Any Advice??????????????????????

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Discus: What Are My Chances?: April 2004 Archive: Any Advice??????????????????????
By Pwiddles (Pwiddles) on Thursday, April 22, 2004 - 05:05 pm: Edit

I got into La Salle University with a nice scholarship (which is important b/c my mom is a single parent). The only thing is that I dont know what the deal is with pre-med. That's what I want to study in college. I always pictured myself going to a prestigious school, but since I got a scholarship to go to La Salle I think that's where I will be attending next year. My question is....will it be harder for me to get into a good medical school (prestigious) since I went to a mediocre school. When I finally get out into the real world for a job, will where I went for undergraduate school be a dtermining factor if I get the job or not? Please give me your advice. What is the best thing to do so I can succeed (obviously besides study and work hard).

By Northstarmom (Northstarmom) on Thursday, April 22, 2004 - 05:15 pm: Edit

What will make things a bit harder for you is that it won't be as easy to find out at your college the tips about how exactly to get into med school. For that reason, it would be wise to use a variety of Internet sites, including this one (You are using the CC board that has to do with med school?), to learn the steps that you should take throughout your college career to have the best chance at getting into medical school.

It also will be important to get top grades-- i.e. straight As in the sciences and math.Med schools will be far more forgiving of Bs and even Cs from an Ivy, where the medical school adcoms know the professors and know how rigorous the curriculum is, than from a university that sends very few students to medical school.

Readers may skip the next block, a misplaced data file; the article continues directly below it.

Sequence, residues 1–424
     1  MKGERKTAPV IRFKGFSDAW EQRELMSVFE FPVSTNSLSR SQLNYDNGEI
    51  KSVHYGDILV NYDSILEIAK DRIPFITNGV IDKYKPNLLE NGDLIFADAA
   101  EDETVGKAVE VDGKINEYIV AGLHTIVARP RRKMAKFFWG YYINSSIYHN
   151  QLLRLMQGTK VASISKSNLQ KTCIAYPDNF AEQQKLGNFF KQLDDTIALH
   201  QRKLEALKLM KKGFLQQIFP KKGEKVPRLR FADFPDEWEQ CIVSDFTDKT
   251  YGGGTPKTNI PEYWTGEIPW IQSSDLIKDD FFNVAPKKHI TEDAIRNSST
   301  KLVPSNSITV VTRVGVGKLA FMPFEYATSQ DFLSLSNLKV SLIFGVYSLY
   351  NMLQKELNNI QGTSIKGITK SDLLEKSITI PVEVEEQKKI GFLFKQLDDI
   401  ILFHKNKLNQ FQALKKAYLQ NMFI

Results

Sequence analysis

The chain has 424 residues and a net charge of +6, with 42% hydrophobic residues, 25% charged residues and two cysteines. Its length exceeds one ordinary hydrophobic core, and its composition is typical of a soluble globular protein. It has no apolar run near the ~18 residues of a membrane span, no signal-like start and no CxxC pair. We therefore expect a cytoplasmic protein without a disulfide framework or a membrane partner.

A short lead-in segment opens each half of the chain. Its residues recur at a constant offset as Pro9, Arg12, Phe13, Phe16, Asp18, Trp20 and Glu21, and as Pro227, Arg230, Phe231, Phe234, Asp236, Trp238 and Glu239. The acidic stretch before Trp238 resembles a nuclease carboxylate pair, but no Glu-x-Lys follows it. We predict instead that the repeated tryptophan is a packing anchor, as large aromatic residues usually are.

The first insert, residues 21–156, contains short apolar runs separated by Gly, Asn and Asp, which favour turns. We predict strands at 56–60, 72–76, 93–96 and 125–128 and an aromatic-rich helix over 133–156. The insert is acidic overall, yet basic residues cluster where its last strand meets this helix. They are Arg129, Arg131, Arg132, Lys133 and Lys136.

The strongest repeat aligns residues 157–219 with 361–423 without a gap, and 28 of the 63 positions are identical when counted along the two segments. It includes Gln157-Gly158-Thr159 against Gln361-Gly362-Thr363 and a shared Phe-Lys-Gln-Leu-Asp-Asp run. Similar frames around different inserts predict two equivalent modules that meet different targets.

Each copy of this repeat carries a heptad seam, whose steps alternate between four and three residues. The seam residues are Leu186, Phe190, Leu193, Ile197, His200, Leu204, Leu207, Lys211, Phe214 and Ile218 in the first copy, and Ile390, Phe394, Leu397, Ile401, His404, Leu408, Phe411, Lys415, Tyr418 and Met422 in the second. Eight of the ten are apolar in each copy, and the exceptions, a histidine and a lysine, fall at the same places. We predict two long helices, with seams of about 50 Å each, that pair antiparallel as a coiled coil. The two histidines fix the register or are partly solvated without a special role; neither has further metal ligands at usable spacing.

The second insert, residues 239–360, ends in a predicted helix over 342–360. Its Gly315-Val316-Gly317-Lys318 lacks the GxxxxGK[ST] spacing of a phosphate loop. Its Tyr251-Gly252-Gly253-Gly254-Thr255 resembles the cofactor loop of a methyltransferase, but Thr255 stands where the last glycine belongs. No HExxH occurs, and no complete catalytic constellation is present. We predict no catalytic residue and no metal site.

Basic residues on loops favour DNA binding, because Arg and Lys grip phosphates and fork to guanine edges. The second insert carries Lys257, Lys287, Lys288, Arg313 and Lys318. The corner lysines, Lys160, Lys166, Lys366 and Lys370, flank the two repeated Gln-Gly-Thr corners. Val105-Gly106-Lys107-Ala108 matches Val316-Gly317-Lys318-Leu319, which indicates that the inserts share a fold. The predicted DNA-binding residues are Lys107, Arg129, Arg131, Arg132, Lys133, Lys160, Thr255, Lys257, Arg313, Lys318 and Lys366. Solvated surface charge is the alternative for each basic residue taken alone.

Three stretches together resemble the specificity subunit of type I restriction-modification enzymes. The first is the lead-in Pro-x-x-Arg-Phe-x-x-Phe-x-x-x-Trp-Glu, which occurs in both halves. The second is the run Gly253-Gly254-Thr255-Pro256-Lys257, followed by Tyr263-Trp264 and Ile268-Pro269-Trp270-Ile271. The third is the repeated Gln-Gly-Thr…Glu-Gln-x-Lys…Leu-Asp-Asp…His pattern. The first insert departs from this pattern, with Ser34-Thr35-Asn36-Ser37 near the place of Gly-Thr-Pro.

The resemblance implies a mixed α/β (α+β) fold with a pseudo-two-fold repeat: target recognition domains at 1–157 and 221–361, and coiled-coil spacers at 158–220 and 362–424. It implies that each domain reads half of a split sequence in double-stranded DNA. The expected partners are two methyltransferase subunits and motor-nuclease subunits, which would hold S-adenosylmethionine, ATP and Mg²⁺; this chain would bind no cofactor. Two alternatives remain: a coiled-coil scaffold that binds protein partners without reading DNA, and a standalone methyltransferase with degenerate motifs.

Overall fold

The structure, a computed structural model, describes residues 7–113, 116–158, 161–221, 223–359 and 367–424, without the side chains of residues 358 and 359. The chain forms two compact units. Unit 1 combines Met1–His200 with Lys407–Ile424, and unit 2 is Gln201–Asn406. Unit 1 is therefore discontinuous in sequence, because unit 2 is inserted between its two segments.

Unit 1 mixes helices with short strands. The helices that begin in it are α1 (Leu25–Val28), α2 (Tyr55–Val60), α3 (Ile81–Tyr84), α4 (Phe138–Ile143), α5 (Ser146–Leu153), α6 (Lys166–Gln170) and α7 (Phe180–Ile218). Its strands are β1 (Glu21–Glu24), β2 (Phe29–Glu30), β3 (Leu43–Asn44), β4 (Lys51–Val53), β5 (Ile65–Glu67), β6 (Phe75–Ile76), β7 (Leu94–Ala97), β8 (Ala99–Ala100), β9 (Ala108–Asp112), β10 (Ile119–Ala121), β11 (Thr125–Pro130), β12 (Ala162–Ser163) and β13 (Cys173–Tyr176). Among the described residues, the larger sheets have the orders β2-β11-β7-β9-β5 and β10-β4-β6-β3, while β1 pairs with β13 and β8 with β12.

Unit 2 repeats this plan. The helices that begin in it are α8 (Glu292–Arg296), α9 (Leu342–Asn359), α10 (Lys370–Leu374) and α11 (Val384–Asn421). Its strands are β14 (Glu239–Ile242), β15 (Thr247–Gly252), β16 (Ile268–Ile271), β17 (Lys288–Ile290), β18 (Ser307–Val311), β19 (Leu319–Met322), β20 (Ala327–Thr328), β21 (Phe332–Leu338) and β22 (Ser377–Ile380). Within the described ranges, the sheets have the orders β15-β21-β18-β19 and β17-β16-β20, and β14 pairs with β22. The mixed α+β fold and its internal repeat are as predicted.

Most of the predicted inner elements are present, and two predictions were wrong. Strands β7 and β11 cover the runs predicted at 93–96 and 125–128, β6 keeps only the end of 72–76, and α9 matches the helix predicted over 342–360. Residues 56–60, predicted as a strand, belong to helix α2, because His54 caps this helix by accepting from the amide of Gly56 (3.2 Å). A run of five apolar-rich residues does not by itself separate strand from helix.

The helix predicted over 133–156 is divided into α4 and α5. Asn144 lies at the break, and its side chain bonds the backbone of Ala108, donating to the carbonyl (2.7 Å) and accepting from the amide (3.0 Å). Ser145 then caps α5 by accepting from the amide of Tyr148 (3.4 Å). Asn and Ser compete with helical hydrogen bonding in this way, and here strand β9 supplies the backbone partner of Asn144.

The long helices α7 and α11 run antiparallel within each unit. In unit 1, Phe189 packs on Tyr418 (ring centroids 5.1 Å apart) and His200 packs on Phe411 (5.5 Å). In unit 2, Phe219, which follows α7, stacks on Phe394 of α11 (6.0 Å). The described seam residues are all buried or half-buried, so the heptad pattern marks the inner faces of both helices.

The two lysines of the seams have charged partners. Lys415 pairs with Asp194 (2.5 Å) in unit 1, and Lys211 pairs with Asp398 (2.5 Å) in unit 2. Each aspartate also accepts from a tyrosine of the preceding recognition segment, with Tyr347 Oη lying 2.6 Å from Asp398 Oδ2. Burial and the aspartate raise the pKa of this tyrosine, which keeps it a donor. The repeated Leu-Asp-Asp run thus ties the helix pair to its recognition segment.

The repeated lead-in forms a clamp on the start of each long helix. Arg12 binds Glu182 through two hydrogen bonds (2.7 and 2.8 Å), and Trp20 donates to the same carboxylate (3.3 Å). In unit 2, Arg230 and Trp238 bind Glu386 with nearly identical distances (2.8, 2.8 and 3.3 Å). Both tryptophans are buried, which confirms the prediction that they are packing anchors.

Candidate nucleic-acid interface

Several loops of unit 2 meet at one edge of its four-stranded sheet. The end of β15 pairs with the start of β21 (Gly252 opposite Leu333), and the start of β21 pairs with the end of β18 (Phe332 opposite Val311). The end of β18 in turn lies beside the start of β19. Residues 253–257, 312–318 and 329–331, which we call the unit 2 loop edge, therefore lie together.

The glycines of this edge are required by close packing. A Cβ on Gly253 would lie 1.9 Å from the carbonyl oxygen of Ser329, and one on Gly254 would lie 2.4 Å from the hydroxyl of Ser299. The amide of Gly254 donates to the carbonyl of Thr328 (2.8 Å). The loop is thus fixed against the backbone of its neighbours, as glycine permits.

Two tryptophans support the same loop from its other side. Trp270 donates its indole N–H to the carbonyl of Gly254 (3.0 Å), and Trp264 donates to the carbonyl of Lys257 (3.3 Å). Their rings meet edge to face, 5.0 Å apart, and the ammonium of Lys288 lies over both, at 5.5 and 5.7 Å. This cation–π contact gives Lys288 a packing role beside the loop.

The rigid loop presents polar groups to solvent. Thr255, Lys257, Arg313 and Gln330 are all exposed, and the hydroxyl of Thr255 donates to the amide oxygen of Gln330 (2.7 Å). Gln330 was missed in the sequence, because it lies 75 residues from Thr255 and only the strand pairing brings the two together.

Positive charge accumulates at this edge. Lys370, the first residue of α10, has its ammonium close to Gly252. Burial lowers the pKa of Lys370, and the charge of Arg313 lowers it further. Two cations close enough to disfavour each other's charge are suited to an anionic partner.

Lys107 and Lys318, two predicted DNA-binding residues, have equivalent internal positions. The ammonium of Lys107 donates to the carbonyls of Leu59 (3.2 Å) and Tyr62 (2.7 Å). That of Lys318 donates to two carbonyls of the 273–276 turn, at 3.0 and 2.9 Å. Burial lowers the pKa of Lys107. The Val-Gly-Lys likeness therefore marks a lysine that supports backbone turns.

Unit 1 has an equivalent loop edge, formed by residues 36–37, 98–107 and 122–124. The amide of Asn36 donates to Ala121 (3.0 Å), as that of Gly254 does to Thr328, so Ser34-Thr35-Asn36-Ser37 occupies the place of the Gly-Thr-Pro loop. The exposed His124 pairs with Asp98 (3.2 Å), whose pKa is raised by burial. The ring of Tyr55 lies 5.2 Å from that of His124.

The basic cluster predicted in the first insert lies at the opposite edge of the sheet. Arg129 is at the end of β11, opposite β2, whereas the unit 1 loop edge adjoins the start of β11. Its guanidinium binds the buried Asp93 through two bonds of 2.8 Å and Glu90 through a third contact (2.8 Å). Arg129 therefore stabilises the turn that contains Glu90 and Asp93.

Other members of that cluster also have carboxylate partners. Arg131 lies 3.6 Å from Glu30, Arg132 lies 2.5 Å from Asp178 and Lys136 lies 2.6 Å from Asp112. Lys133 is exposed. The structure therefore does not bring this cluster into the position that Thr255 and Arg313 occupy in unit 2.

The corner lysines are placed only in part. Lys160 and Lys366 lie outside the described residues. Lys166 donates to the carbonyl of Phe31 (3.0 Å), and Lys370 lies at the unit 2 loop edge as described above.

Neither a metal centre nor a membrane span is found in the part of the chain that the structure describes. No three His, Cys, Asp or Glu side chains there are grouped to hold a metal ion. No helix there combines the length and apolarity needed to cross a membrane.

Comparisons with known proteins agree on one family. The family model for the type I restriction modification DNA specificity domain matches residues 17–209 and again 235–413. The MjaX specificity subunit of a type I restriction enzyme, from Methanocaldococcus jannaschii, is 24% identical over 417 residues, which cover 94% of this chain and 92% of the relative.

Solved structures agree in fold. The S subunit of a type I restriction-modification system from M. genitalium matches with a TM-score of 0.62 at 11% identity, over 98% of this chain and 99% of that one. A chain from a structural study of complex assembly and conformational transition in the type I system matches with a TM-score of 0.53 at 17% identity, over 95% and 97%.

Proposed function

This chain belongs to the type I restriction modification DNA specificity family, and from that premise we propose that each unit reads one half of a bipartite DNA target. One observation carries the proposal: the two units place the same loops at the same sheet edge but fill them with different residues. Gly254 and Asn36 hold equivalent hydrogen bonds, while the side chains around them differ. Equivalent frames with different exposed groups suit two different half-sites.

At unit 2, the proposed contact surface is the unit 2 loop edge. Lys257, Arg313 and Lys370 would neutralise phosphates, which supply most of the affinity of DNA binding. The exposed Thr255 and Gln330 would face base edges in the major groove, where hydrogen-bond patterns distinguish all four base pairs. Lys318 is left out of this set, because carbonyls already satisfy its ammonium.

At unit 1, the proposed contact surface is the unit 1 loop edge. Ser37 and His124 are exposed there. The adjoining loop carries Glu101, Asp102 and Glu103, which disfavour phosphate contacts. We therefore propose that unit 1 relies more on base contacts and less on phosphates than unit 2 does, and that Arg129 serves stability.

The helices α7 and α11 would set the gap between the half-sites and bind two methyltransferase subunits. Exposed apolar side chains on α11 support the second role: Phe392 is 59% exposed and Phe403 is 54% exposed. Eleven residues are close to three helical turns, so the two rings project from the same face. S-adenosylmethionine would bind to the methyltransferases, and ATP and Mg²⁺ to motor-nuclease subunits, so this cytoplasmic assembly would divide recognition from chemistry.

It also would be wise to do things over the summer and during the school year such as scientific research and even working or volunteering in a hospital or doctor's office.

Remember, too, to get to know your science professors well because you'll need to get recommendations from them.

I also suggest that you start studying for the MCATs early. A student whom I know who went to med school from a second tier school started studying for the MCAT freshman year. She even got her university (that had given her merit aid) to pay for her to take a MCAT review course.

It also can help to take a year or two off after college and to do something like a research fellowship, or the Peace Corps or even to take a couple of years off and get a masters in something like public health or biology. Medical schools view favorably such experiences.

Your college's career placement or graduate placement office also can help. Get to know the people there early. Find out, too, what graduates have gotten accepted to med schools, contact those people and request their advice.

On any college campus, freshman chemistry is one of the university's toughest courses. Be prepared to work your butt off If you have problems with it, immediately get tutoring. Tutoring can make the difference between those who want to be doctors and those who become doctors.

Also check if Lasalle has a pre med society. If so, join it. You even could contact it now to start getting info.

Good luck!

By Dabigv12 (Dabigv12) on Thursday, April 22, 2004 - 06:44 pm: Edit

my dad went to LaSalle.. he was in a similar money situation (he had both parents but they were still indigent). he worked his butt off and got into jefferson med school. hes now one of the top infertility specialists in the country. not to say getting into med is easy from lasalle. its not a HIGHLY rated program, meaning youll have to pull fairly high grades. my father is actually on the admissions board for drexel med school now. sometimes i sit with him while he looks at candidates files at home. word of advice: standardized tests in HS dont make or break you... but when applying to medschool they can sink you. i can remember him looking at a candidate from bucknell with great grades, but had mediocre mcats.. waitlisted.. my dad always jokes with seniors we know who want to go premed by saying "better start studying for the boards now." its true tho.. ok this is getting long, especially with me not being an expert. work hard, stay focused, but also take time to enjoy your surroundings.. good luck.

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